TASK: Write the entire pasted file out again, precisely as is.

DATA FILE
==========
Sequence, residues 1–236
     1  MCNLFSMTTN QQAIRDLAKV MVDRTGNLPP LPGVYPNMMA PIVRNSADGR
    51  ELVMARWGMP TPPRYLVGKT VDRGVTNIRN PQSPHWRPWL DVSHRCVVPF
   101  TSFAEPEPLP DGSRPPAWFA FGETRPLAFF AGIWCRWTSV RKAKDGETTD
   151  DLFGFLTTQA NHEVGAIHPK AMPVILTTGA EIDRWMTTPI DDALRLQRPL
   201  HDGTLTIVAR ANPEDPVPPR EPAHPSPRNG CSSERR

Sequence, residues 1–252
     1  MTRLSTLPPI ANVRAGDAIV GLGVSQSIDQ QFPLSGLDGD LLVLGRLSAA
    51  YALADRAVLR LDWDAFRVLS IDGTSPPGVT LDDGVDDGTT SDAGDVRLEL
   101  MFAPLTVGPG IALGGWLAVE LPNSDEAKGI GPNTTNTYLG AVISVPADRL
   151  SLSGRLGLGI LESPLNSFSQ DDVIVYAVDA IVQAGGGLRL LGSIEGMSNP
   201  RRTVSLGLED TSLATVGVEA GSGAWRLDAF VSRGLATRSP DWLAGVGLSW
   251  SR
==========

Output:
Sequence, residues 1–236
     1  MCNLFSMTTN QQAIRDLAKV MVDRTGNLPP LPGVYPNMMA PIVRNSADGR
    51  ELVMARWGMP TPPRYLVGKT VDRGVTNIRN PQSPHWRPWL DVSHRCVVPF
   101  TSFAEPEPLP DGSRPPAWFA FGETRPLAFF AGIWCRWTSV RKAKDGETTD
   151  DLFGFLTTQA NHEVGAIHPK AMPVILTTGA EIDRWMTTPI DDALRLQRPL
   201  HDGTLTIVAR ANPEDPVPPR EPAHPSPRNG CSSERR

Sequence, residues 1–252
     1  MTRLSTLPPI ANVRAGDAIV GLGVSQSIDQ QFPLSGLDGD LLVLGRLSAA
    51  YALADRAVLR LDWDAFRVLS IDGTSPPGVT LDDGVDDGTT SDAGDVRLEL
   101  MFAPLTVGPG IALGGWLAVE LPNSDEAKGI GPNTTNTYLG AVISVPADRL
   151  SLSGRLGLGI LESPLNSFSQ DDVIVYAVDA IVQAGGGLRL LGSIEGMSNP
   201  RRTVSLGLED TSLATVGVEA GSGAWRLDAF VSRGLATRSP DWLAGVGLSW
   251  SR